P.D. Martin’s Sophie Anderson has very unusual dreams. She is an Australian-born FBI profiler whose specialty is “getting into the heads” of killers. She does this through psychic dreams that allow her to see what the killer sees and feel what the killer feels. For example, in Body Count, Anderson and her team are on the trail of a serial killer they’ve nicknamed the “D.C. Slasher.” The team collects evidence and tries to make sense of the case, and they’re making a bit of progress. Anderson, though, continues to be plagued by the dreams that seem to show her what the killer is doing. She confides what’s happening to her friend and co-worker Samantha “Sam” Wright, and Wright helps Anderson begin to make use of her “gift.” Then Wright goes missing. Now the team has to work even harder and more frantically to find the killer if they can before Wright is killed. As the series goes on, Anderson slowly learns to use her dreams effectively to track down killers.

Arnaldur Indriðason’s Inspector Erlendur has quite vivid dreams, and although he doesn’t believe in psychic powers or the paranormal, his dreams often give him clear pointers to the solution of the case he’s investigating. And his daughter Eva Lind seems to have inherited that capacity for vivid dreaming. There are lots of examples in the Erlendur novels; I’ll just give one from Jar City. In that story, Erlendur and his team are investigating the murder of Holberg, a seemingly inoffensive elderly man who has some deep secrets in his past. As the team digs into that past, they find that Holberg was accused of rape, although never arrested, and that he might actually be guilty of multiple rapes. Erlendur is trying to find a clue that will link that past with the crime scene when he has a vivid dream that gives him a possible connection:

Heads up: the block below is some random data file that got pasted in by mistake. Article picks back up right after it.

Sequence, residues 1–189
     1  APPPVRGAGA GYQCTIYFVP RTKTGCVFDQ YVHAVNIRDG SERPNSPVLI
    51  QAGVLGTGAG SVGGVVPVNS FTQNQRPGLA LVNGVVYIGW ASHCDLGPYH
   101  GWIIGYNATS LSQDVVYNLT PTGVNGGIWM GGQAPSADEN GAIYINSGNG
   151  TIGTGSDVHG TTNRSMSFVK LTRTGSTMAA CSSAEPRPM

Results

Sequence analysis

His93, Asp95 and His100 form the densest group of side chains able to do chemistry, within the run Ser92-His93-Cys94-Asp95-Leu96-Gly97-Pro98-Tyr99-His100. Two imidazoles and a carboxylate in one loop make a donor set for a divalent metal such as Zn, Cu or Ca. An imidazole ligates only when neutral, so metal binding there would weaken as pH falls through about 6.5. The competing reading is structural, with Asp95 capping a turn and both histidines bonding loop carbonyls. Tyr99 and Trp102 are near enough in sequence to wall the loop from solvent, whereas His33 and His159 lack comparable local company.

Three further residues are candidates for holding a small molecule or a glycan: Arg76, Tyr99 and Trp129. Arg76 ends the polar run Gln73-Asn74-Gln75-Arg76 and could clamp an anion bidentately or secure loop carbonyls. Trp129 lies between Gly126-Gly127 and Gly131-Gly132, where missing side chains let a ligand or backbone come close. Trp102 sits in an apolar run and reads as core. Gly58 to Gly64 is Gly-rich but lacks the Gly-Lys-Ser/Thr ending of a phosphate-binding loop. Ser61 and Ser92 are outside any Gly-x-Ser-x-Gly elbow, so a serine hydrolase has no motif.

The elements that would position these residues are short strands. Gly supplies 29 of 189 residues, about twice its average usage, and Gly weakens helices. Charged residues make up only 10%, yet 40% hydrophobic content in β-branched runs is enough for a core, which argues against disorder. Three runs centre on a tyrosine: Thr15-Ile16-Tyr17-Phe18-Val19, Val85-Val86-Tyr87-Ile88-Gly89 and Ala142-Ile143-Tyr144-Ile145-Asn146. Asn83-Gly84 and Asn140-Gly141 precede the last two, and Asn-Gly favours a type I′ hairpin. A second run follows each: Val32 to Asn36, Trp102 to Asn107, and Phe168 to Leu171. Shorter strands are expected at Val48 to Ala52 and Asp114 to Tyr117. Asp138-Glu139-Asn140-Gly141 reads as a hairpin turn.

“This time he remembered most of the dream. He knew it was the same dream that had visited him in recent nights but which he had failed to get hold of before the waking state turned it into nothing.”


Once he remembers the dream, Erlendur gets a sense of the direction the case is taking. In the end, he and his team find out who killed Holberg and why.

In Åsa Larsson’s The Blood Spilt, attorney Rebecka Martinsson’s law firm is working on courting a new client: the Swedish church. The firm has found that the church may be glad of legal advice in all sorts of areas. Martinsson is still recovering from the trauma she experienced at the end of The Savage Altar (AKA Sun Storm), but she wants to get back to work, if for no other reason than to once again be a part of the firm. So she returns to her hometown Kiruna to assist in the transfer of property when a local priest Mildred Nilsson is murdered. That’s how she re-encounters Inspector Anna-Maria Mella, who is investigating Nilsson’s death. What Martinsson doesn’t know is that she made an indelible impression on Mella in The Savage Altar, especially since Mella was in labour at the end of that novel and couldn’t do anything to spare Martinsson the trauma she endured. Mella’s actually been having dreams about Martinsson:


“In the dream she was riding a snowmobile through the darkness and the blizzard. Rebecka lay bleeding in the sledge. The snow spraying up into her face. All the time she was afraid of running into something. Then she got stuck. Standing there in the cold. The snowmobile roaring in vain.”